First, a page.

2011 BCS National Championship Game Information
|2011 Tostitos BCS National Championship Game|
|BCS Bowl Game|
|Date||January 10, 2011|
|Stadium||University of Phoenix Stadium|
Michael Dyer (RB, Auburn)|
Defense: Nick Fairley (DT, Auburn)
|Favorite||Auburn by 2 |
|National anthem||Air Force Cadet Chorale|
|Referee||Bill LeMonnier ( Big Ten)|
Auburn University Marching Band|
Oregon Marching Band
|United States TV coverage|
Brent Musburger (play-by-play)|
Kirk Herbstreit (analyst)
Erin Andrews and Tom Rinaldi (sideline) 
|Nielsen ratings||17.8 (27.3 million viewers) |
The 2011 Tostitos BCS National Championship Game was the final college football game to determine the national champion of the 2010 NCAA Division I Football Bowl Subdivision (FBS) season. The finale of the 2010-2011 Bowl Championship Series was played at the University of Phoenix Stadium, the host facility of the Fiesta Bowl in Glendale, Arizona on January 10, 2011 (8:30 p.m. ET).
The Auburn Tigers from the Southeastern Conference faced the Oregon Ducks of the Pacific-10 Conference for the national championship. A 19-yard field goal by Wes Byrum, as time expired, won the game for the Tigers, with the final score 22-19.
The game was the first BCS National Championship Game not televised on network television, instead being aired on ESPN  and simulcast on ESPN3, and recorded a 16.1 rating, the highest overnight rating on record for a cable television program, topping the previous high of 14.4, set by Patriots/Saints on ESPN in 2009.  This marked the second time that the national championship under the BCS system was played in Arizona.  It was also the first time that the BCS National Championship was streamed to a video game console, specifically the Xbox 360.
Finishing No. 1 and No. 2 in the final BCS rankings, respectively, the Auburn Tigers from the Southeastern Conference faced the Oregon Ducks of the Pacific-10 Conference for the national championship. Both teams finished the regular season undefeated. The Coaches Poll, which partially factored into the BCS rankings, had Oregon No. 1 and Auburn No. 2, though Auburn's higher rankings in the Harris Interactive Poll and computer polls gave them the edge for No. 1 in the BCS. The Associated Press Poll (AP), which did not factor into the BCS rankings, had Auburn No. 1 and Oregon No. 2.
The Ducks led the Pacific-10 Conference in scoring offense (592 points, 49.3 average), rushing offense (42 touchdowns, 303.8 yards per game), rushing defense (11 touchdowns, 117.6 yards per game), and total offense (71 touchdowns, 537.5 yards per game). The team was led by tailback LaMichael James, who tops the conference with 1,682 yards on 281 carries, 21 touchdowns and averaging 152.9 yards per game. His longest carry was for 76 yards. Jeff Maehl was Oregon's top receiver at 78.58 ypg for 12 touchdowns. Casey Matthews had averaged 6.08 tackles per game for the Ducks, followed by Spencer Paysinger (5.7), Talmadge Jackson III (5.6) and John Boyett (5.6).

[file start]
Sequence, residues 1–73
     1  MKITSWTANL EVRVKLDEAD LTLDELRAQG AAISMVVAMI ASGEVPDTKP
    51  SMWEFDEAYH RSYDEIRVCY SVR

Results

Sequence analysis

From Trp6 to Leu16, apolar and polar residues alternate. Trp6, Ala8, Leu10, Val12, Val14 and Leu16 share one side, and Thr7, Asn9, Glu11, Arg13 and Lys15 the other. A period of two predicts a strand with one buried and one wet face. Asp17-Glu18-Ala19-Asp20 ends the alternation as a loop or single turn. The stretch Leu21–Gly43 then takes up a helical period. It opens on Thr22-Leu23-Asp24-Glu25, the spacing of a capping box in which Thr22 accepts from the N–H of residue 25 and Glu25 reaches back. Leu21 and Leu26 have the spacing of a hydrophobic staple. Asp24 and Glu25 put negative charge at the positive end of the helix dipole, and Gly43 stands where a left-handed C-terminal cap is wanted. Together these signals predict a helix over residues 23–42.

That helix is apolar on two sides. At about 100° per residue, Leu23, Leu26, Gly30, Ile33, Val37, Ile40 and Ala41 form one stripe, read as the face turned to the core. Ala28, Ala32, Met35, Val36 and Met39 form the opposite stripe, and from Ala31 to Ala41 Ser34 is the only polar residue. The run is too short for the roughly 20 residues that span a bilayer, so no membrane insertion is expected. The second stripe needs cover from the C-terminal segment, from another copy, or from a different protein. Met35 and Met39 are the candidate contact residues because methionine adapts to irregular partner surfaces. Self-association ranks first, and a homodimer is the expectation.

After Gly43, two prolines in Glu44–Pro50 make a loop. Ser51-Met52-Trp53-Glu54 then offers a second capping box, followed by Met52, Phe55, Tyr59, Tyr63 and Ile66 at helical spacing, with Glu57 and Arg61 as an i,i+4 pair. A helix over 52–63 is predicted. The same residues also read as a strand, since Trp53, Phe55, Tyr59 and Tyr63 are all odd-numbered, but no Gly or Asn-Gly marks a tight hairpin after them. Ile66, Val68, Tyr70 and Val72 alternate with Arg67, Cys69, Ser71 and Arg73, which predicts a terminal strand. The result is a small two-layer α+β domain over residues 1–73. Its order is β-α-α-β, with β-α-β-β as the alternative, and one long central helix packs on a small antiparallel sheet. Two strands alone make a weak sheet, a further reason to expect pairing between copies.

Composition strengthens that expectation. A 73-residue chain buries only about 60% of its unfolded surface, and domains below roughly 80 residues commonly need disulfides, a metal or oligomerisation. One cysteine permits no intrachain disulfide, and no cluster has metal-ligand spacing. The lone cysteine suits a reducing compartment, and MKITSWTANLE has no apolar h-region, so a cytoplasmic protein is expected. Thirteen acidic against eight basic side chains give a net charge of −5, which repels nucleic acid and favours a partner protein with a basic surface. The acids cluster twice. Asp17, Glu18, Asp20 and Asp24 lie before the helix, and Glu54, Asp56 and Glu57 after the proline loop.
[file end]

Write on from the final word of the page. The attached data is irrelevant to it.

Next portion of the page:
Oregon was wearing the Nike new Pro Combat uniforms, their 13th uniform combination worn this season.
The Tigers completed the season on top of the Southeastern Conference in scoring offense (42.7 points per game), rushing offense (287.2 yards per game) and total offense (497.7 yards per game). Auburn also led the conference in pass efficiency (174 of 261 passes, 6 interceptions, 66.7%, 29 touchdowns), third-down conversions (77 of 145, 53.1%) and first downs (316 or 24.3 per game). Quarterback and Heisman Trophy winner Cam Newton led the conference in rushing, pass efficiency, total offense, and scoring. On the receiving end, Darvin Adams caught 13 of 48 passes for 909 yards (69.92 ypg) and 7 touchdowns. Josh Bynes, Zac Etheridge and Neiko Thorpe made 199 tackles for the Tigers during the season.
Before the game a moment of silence was held for the victims of the shooting in Tucson, Arizona, two days before the game in which US Representative Gabrielle Giffords was shot in the head and 6 others, including Federal Judge John Roll, were killed. 
In the 3rd quarter Auburn kicker Wes Byrum kicked a 28-yard field goal to give Auburn a 19-11 lead.  The teams traded possession several times until Oregon recovered a fumble on the Auburn 40-yard line with 5:05 left. Oregon then drove down the field and scored a touchdown with 2:33 minutes remaining in the game. They added a two-point conversion to tie the score at 19-19. 
On the game's final possession, Auburn drove 73 yards  to the Oregon 1-yard line and won the game with a field goal as time expired. The drive included a run by Michael Dyer in which he appeared to be tackled after 6-7 yards, but fell on top of defender Eddie Pleasant with neither his knees nor the ball touching the ground. The Auburn sideline urged Dyer to continue after getting back up, and the Oregon defense finally tackled him after a 37-yard gain. The play was reviewed and the ruling on the field was upheld. Dyer then rushed for a touchdown, but a subsequent review showed that Dyer's knee went down before crossing the goal line. The touchdown was reversed and the ball placed at the Oregon 1-yard line. From there, Auburn ran the clock down to 2 seconds, and Wes Byrum kicked a game-winning 19-yard field goal as time expired, giving Auburn the national championship.